Don’t pretend to know it all: I know when you first start you want to have all the answers, but this is unrealistic and puts a lot of pressure on you. There is no shame in saying "I don’t know, I will need to look that up for you". And if you do say that, then follow it up with an answer, either by email, or by making a note so you can use this as a discussion for their next visit. Your clients will come to trust you more, and will see you as trustworthy and dependable.
Help clients understand themselves better: Help your client discover what is right with them, rather than always focusing on what is wrong with them. This is the basis of positive psychology, and it is empowering for a client to discover their strengths and look at ways in which to integrate them into their daily life. Use a self-assessment test which determines a client’s characters strengths and virtues. Then ask the client to tell you a time when they last used this strength and where they feel they can use it more often to promote and support their well-being.
Don’t argue with your clients: This sounds self-explanatory but you may get a client who goes against all the good work you are doing with them and sabotage their progress e.g a weight-loss client sees a nutritionist, agrees to follow a healthy eating plan, but on the next session, admits to having a take-out meal three times that week! It may be tiresome for you as a therapist and you will be frustrated, but remember, you can take a horse to water but you can’t make it drink. If the client continues to disregard all your good advice, or never sticks to a goal and does the opposite, then you are within your rights to politely explain to the client that maybe they would benefit from re-evaluating their goals and their reasons for wanting to achieve them. Usually, if a client isn’t compliant, there is an underlying reason for this. Discuss it professionally and politely.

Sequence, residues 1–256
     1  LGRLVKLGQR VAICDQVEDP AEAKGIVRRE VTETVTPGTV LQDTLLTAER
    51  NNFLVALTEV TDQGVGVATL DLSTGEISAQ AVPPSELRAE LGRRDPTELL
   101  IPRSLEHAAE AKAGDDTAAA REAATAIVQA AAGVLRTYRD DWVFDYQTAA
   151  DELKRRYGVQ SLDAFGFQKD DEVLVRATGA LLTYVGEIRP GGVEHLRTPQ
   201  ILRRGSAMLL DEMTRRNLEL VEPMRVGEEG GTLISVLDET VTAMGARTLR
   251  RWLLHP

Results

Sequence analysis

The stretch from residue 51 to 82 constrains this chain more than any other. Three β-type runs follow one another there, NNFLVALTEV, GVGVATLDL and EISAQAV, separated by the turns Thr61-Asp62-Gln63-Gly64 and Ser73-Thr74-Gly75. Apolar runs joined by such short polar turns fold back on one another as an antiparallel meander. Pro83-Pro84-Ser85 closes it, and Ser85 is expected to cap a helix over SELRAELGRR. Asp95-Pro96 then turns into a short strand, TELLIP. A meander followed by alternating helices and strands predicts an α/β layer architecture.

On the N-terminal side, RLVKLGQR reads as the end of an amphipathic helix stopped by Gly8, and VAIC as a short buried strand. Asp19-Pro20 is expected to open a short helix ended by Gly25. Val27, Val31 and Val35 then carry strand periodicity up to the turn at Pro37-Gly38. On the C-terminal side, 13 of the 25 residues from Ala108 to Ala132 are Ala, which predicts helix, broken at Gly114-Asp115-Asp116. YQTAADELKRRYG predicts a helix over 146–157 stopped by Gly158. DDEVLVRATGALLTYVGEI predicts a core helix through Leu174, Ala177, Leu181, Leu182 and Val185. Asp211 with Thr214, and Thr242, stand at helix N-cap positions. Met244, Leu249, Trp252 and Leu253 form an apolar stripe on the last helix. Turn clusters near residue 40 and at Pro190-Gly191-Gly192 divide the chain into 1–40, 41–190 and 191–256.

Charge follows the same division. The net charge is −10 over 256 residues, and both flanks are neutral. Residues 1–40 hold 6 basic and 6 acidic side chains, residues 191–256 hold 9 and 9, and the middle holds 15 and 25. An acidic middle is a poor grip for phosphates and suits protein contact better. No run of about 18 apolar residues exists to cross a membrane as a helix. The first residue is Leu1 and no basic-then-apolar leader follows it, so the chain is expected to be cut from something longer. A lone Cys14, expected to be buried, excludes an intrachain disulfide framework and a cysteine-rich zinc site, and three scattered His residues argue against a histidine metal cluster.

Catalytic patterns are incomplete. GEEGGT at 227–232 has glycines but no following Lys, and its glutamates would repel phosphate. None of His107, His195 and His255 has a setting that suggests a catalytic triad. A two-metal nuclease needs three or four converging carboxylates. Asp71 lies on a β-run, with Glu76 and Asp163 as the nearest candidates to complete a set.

Beware of clients who want to be fixed: Remember, no one is broken and no one is fixable by anyone other than themselves. Clients generally don’t want to be told what to do, and if they do, then (depending on your role), think carefully about working with them with them in that mindset. You are there to facilitate a client’s change, but you are never responsible for it. With all the best will in the world, a person will only change when they are ready. Instead, help your client take responsibility by suggesting they set small achievable goals for themselves. It is important that they have a way to celebrate achieving the small goals, so that the client becomes used to feeling accountable and accomplished in doing things for themselves.